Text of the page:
Blacksburg, Va. — While investigators comb through what used to be their building, the top minds of Virginia Tech’s College of Engineering are working out of a nondescript conference room in Durham Hall. Associate deans, papers, computers, and a single telephone share a long rectangular table with bowls of M&M’s and mixed nuts.
At one end sits Richard C. Benson, the dean, staring at a laptop computer and scrolling through hundreds and hundreds of unread messages. The messages, with subject lines like “Thinking of you,” “Deeply moved,” and “Prayers,” have come from engineering colleges as far away as Russia and Japan.
Mr. Benson’s office was on the third floor of Norris Hall, where the shootings happened. He and his colleagues have a lot to figure out because Norris Hall’s classrooms — renovated just last summer with new carpeting and desks — are now a crime scene. It’s anybody’s guess how long the investigation will last.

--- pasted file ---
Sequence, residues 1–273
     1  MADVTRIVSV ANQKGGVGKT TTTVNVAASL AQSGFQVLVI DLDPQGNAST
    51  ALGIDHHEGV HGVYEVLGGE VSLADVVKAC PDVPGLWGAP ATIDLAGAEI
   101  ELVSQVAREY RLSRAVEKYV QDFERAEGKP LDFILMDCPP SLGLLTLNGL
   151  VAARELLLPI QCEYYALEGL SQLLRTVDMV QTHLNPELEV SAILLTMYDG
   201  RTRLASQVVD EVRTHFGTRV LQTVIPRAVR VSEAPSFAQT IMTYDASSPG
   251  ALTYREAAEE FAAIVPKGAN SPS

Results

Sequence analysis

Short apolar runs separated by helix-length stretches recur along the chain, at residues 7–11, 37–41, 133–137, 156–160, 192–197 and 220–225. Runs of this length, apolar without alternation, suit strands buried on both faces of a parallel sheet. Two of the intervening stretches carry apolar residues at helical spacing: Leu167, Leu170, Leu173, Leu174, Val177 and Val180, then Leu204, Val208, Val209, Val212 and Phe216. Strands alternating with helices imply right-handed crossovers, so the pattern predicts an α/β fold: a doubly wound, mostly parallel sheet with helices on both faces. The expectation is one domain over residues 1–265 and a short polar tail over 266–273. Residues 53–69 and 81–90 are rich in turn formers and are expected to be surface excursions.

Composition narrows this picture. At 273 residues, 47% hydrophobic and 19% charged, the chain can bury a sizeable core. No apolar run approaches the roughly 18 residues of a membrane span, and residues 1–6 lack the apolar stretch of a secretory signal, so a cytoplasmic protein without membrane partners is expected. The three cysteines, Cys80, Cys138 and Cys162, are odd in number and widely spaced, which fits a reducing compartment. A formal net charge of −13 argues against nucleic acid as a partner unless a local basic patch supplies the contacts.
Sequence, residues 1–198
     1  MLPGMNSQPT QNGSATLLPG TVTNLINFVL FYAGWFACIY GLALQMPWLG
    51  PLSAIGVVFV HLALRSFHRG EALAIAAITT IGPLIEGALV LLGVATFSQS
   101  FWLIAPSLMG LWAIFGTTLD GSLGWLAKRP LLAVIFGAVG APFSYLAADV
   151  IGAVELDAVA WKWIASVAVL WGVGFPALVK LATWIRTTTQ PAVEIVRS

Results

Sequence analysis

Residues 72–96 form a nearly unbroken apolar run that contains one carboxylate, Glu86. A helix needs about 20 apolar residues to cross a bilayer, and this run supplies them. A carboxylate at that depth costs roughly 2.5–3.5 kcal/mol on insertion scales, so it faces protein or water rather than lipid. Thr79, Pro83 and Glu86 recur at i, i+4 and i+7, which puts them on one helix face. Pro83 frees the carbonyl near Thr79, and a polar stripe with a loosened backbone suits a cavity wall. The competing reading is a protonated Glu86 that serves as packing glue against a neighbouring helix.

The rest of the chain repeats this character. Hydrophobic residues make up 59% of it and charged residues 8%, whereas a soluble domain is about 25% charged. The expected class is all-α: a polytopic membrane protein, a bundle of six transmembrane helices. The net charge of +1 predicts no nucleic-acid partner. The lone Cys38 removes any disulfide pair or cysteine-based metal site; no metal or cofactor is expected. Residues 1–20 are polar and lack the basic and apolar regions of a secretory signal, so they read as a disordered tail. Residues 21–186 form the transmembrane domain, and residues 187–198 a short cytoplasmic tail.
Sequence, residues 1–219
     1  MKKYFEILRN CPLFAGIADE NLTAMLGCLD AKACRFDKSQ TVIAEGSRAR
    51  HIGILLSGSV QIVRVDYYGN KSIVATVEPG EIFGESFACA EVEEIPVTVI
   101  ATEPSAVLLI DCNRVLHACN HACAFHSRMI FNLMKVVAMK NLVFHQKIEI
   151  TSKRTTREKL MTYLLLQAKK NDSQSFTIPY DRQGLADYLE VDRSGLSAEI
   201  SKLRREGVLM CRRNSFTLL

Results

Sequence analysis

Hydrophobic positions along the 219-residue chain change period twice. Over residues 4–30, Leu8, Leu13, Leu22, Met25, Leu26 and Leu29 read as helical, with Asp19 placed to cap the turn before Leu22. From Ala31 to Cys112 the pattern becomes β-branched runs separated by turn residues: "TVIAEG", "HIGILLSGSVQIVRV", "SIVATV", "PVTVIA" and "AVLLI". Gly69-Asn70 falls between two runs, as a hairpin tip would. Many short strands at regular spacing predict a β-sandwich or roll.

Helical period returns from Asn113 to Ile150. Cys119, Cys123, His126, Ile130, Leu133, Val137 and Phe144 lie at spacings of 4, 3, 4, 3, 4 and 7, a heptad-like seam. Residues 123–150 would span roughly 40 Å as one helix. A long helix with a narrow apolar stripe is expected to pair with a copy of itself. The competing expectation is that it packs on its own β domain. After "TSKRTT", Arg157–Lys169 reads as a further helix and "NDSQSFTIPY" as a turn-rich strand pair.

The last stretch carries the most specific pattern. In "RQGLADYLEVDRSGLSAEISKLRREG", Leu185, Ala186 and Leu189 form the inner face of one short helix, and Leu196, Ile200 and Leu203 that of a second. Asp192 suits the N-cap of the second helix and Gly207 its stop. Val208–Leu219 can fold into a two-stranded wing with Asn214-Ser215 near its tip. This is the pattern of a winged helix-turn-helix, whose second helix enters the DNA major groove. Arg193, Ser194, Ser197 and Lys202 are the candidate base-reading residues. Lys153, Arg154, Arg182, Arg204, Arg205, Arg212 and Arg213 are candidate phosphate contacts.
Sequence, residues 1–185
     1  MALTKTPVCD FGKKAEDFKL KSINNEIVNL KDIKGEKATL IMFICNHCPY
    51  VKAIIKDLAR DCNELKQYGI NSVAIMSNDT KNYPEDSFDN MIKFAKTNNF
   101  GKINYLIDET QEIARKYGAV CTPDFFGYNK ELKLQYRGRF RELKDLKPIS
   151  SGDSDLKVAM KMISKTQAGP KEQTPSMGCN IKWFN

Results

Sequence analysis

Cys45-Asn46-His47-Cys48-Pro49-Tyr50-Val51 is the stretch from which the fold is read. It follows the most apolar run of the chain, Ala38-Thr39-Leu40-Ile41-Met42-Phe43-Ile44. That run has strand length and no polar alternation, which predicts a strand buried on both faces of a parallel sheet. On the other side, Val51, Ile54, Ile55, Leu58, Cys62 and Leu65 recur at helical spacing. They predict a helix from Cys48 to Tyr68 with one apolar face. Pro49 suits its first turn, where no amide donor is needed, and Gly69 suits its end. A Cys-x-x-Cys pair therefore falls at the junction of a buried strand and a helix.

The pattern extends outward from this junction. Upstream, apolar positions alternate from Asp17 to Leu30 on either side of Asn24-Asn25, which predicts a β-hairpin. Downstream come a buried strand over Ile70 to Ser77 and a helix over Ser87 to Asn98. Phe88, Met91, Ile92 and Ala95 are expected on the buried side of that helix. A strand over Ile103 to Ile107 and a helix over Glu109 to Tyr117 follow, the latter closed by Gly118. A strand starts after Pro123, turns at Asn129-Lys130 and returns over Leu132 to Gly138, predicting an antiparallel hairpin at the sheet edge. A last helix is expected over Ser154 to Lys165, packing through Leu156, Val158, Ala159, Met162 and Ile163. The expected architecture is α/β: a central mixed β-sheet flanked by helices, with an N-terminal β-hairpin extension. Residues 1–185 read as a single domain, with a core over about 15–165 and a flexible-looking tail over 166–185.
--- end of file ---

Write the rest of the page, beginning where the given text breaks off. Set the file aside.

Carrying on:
Some engineering students and faculty members say they never want to return to Norris. Others are impatient for their belongings: When can they get their cell phones, drivers’ licenses, purses, and keys, all of which they left behind when they fled the building?
And everyone has questions. Will they need new laptops so they can start trying to get back to work? Where will the department’s faculty and administrative offices go?
Mr. Benson says things will work out. At the convocation on Tuesday, he says, several deans offered “anything you need.” —Robin Wilson